Thursday, February 26, 2015

Reich and Rose

I was assigned to evaluate the two arguments. In “Why the Rich Are Getting Richer and the Poor, Poorer,” Robert Reich makes the argument that the 3 different “economic boats” are changing. One being the boat which contains routine producers and is (as Reich claims) sinking very rapidly. The 2nd, the service industry is sinking steadily from having to contain the burden of the backlash that has occurred from the 1st. And the third is, unfortunately, rising steadily from the use of global economic webs and competition for cheap labor across the globe. This is Reich’s position and he wishes to convince his reader of this claim. The medium that he uses is a scholarly journal. This is no surprise to me because the argument is extremely objective and of his own personal views. His argument simply wishes to make the case completely. The most used type of appeal in his argument is logos. He is almost obnoxiously heavy on his logos. His sources are cited. He uses concrete facts and statistics, e.g. “In the early 1950’s, more than 40 percent of this group joined unions; by the late 1980’s, less than 20 percent.” This also adds to his Ethos (the reader thinks of him as a more credible person due to the fact that his not just spewing his opinion; rather he uses cold, hard numbers). However, Mike Rose in his “Blue-Collar Brilliance” makes a quite different type of argumentation. Where Reich makes appeals to reason, Rose makes an appeal to emotion. Through his use of anecdotes (personal accounts of events that have happened), Rose exemplifies pathos because the reader makes a strong emotional connection to the people in the stories. His pathos also helps his Ethos because the reader is much more likely to feel like he/she knows Rose and his family. His ethos is also established through his anecdotes because it makes him seem like a relatable, empathetic person. Another thing that I forgot to mention is the fact that one of the things that the Bedford Handbook told us to look for is whether or not the source is scholarly. Reich’s article is much more scholarly. 

1 comment:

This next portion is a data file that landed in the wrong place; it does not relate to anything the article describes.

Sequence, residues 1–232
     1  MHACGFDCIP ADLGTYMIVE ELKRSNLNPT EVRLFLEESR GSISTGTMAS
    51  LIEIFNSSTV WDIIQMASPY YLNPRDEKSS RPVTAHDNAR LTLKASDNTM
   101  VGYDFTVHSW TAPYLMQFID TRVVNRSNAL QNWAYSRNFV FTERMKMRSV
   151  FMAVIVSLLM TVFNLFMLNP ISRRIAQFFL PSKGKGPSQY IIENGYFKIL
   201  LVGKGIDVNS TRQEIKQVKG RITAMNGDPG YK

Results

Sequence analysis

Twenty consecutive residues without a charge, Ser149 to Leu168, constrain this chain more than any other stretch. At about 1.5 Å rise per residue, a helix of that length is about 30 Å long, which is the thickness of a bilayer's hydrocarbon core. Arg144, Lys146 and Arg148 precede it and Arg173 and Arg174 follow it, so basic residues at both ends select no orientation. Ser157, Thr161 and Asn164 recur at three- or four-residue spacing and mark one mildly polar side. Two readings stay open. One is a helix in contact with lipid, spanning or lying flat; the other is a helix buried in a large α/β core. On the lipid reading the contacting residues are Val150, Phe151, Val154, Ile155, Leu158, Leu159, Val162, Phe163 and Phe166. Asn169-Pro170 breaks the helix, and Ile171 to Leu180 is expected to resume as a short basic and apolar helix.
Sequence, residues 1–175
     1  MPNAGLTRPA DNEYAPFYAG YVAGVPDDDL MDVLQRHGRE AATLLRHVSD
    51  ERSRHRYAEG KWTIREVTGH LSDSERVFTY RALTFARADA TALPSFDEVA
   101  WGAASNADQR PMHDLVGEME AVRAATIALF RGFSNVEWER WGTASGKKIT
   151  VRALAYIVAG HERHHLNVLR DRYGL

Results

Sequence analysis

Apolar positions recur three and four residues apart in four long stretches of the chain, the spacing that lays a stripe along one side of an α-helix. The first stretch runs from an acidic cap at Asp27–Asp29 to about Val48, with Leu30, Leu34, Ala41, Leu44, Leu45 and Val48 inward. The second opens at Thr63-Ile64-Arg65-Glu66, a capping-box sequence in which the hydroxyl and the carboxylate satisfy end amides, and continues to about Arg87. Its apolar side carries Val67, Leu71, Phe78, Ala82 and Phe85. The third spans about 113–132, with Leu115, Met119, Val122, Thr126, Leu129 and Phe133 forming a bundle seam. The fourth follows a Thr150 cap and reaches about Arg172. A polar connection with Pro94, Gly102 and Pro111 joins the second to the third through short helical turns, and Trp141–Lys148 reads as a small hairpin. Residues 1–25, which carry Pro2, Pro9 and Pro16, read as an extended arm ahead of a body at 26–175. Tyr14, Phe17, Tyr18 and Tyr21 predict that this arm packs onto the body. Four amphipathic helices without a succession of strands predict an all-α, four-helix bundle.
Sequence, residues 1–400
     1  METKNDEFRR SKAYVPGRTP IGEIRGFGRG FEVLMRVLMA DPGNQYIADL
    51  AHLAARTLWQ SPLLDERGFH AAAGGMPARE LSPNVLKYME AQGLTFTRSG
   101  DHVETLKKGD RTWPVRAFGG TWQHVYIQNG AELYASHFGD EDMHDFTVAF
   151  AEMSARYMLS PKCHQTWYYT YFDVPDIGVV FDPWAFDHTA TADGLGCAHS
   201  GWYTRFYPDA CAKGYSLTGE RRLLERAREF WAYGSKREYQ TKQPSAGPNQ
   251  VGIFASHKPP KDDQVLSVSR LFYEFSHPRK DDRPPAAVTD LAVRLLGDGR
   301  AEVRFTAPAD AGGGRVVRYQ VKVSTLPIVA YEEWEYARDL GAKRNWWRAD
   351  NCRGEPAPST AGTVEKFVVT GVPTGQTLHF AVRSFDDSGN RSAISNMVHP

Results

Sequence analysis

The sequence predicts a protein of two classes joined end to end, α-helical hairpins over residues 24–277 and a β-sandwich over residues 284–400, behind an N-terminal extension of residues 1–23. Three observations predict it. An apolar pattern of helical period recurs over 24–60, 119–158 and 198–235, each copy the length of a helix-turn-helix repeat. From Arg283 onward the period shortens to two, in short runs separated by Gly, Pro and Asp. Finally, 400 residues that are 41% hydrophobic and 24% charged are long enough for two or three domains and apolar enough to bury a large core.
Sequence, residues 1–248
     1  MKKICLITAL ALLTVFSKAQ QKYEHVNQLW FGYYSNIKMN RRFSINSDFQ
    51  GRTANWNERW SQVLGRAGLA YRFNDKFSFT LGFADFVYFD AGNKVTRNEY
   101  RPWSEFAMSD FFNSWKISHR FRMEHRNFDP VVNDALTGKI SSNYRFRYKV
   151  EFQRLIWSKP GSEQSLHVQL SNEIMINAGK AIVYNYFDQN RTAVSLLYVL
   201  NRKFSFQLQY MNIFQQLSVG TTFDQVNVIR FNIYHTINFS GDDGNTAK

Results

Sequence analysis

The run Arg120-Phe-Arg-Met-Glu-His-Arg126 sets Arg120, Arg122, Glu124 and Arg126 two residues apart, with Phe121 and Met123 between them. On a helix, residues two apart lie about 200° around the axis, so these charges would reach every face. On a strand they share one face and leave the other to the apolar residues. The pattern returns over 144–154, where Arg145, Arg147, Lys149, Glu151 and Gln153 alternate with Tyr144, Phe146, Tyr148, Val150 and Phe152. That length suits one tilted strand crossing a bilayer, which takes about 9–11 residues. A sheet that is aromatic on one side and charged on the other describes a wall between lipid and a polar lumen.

1. “Blue-Collar Brilliance,” by Mike Rose is an essay in which he argues that the level of someone’s education does not determine his or her intelligence. Rose proves his argument by recounting his experiences while growing up watching his family work blue-collared jobs. He uses his mother, a waitress, and his uncle, a supervisor for a General Motors factory, as examples of individuals whose jobs required more intelligence than those who work high paying white-collar careers. Rose gave several examples of scenarios that he believed showed how much intelligence blue-collar jobs require, such as having to memorize orders and being able to adapt to the emotional needs of customers. People without a higher education can be just as smart as someone who went to college and works a white collared job. In “Why the Rich Are Getting Richer and the Poor Are Getting Poorer,” Robert Reich argues that blue collar jobs are declining, and that white collar jobs are increasing due to the competition that exists within our society. The competition that is present causes more people to reach for higher paying jobs, but lessens the amount of small businesses and blue collar jobs available. He stresses the point that if we do not do something about it now, there will be no more blue collar jobs available at all. I preferred Mike Rose’s argument. I think he gave great examples and he really opened my eyes to the truth that a person’s education level does not determine their intelligence.